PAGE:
We talk about stationing, which is stay behavior. It usually includes staying on a mat or a platform or a bed. It might even be stationed with the handler. We talk about reinforcement of an incompatible behavior. For example, if we have a dog that's jumping up on us, it can't be jumping up on us and have four feet on the floor. So if we reinforce the incompatible behavior of four feet on the floor, we end up with a dog that's now got four feet on the floor in our presence instead of jumping up on us.

The last one I talk about is management. Management is where you just do something to stop the behavior or avoid the behavior from occurring entirely. If you have a dog that triggers when it sees other dogs, and you avoid triggers, you just avoid going places where there are dogs, that's a management strategy. Or if you know your dog is going to jump up on guests at the door and get really excited, and you just decide to put the dog in another room, that would be a management strategy.

Management strategies aren't aimed at changing future behavior as such. They're not a training strategy. But they are really useful as part of a behavior modification program because we stop the practicing of that unwanted behavior. And I would also say that it's important to note that sometimes it's okay to just use management long term.

People often feel like they're some sort of failed dog trainer because they decide to use management in certain situations, but really, especially with something that comes about very rarely, if you have your grandkids over visiting not very often, and only a few times of the year do they actually use the swimming pool, but when they are in the swimming pool, they're running around and giggling and splashing, your dog is going to run the pool fence, barking at them. But if that's the only time you find it does it, then take the dog, put him in a nice, quiet room, give him something to chew on, problem solved. Use management. Don't put all your effort into retraining that if you don't need to.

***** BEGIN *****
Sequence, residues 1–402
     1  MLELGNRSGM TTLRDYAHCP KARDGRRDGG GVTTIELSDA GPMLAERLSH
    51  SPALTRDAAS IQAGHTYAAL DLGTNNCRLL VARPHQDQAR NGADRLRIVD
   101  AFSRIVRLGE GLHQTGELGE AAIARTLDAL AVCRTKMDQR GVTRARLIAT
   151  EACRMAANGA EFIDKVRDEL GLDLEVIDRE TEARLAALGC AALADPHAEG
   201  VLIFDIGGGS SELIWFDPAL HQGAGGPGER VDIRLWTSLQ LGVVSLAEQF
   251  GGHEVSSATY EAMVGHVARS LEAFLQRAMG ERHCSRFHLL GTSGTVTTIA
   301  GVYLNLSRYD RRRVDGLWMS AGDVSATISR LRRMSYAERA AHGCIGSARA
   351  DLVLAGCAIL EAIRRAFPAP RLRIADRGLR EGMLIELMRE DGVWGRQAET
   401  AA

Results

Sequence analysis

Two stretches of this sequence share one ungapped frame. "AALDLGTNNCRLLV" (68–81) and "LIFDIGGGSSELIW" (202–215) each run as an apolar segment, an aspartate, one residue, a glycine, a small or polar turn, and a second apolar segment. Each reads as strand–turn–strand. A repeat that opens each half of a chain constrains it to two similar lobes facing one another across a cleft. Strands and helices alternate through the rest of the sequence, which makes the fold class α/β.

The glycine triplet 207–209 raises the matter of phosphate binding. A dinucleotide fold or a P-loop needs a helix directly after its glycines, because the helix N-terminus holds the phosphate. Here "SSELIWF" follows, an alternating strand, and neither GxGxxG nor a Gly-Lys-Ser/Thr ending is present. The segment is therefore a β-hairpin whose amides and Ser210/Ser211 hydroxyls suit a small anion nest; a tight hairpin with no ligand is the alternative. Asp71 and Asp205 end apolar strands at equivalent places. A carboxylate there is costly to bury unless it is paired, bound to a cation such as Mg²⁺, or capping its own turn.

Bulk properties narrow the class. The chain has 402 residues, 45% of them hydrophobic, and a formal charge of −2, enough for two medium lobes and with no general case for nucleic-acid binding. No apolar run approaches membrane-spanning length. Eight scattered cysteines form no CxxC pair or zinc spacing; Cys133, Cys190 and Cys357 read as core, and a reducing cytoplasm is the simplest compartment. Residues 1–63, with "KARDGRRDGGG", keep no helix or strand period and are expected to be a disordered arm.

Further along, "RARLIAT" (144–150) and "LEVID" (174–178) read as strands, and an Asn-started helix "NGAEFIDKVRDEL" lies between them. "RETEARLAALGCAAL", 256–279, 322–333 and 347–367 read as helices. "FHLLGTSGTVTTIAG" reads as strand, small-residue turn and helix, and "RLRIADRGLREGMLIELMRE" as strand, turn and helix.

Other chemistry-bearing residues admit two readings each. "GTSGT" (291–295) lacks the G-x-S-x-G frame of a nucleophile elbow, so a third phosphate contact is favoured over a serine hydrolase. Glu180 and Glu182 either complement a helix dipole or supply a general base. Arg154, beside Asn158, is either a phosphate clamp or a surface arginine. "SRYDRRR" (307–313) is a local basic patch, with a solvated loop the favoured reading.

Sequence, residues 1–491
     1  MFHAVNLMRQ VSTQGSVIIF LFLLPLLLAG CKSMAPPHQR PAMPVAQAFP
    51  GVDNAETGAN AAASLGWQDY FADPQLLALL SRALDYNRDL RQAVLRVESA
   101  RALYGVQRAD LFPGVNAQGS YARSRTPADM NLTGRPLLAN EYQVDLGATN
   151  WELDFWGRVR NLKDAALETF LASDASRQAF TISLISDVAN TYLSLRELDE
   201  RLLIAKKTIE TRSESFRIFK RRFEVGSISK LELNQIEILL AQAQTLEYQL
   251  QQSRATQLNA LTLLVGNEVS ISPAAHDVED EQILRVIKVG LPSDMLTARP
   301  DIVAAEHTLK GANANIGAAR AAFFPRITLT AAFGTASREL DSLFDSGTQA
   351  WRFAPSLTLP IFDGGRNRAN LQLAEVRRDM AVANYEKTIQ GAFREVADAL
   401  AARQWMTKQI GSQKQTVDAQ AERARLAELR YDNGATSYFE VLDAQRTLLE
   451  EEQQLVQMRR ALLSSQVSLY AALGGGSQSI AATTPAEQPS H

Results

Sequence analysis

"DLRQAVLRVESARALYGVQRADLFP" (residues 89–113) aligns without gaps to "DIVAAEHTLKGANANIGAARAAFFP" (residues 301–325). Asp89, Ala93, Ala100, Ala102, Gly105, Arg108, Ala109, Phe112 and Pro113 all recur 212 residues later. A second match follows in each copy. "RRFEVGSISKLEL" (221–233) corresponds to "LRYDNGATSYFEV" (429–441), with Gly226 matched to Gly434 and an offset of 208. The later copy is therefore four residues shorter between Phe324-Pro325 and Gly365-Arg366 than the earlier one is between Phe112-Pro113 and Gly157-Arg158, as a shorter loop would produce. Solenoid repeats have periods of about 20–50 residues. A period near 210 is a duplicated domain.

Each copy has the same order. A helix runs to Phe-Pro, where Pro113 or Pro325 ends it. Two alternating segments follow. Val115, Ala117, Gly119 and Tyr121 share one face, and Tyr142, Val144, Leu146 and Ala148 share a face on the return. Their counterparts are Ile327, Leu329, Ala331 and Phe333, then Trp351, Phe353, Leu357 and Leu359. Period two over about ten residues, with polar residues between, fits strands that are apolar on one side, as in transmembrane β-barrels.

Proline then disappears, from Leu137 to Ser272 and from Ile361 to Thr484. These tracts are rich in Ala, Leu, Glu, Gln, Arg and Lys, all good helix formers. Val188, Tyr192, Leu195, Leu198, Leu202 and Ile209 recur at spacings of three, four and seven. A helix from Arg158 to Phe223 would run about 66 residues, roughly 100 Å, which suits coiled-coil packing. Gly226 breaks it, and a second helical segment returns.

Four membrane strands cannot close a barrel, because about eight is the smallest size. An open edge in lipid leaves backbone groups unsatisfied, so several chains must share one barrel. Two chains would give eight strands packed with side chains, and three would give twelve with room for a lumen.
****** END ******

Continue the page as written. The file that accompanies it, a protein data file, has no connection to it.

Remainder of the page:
Melissa Breau: If those are the solutions, you've given me a little of this already, but what problems are we really looking at that these types of things can help us solve? What behavior issues are you talking through in the course of the webinar?

Sharon Carroll: I think if you have those five protocols in your toolbox, if you have your offered duration engagement, your distraction, your stationing, your reinforcement of an incompatible behavior, and your management, if you know when and how to use those, you're probably going to be able to deal with almost all behavior issues. But in this webinar we certainly do cover a lot of different issues. When people were asked for what issues they wanted covered, we ended up with a giant list, so I think we've got something like seventeen behaviors to look at.

We're going to include things like leash reactivity, off leash dog-to-dog behavior issues, transport issues, both the loading issues and the traveling issues themselves, separation-related problems, sound sensitivity, fence running and barking, hyper-vigilance in the home, dogs who are uncomfortable around strangers, over-excitement when you get the leash or the collar or the harness out, counter surfing, jumping up on guests, attention seeking during meals … I think that must be about it.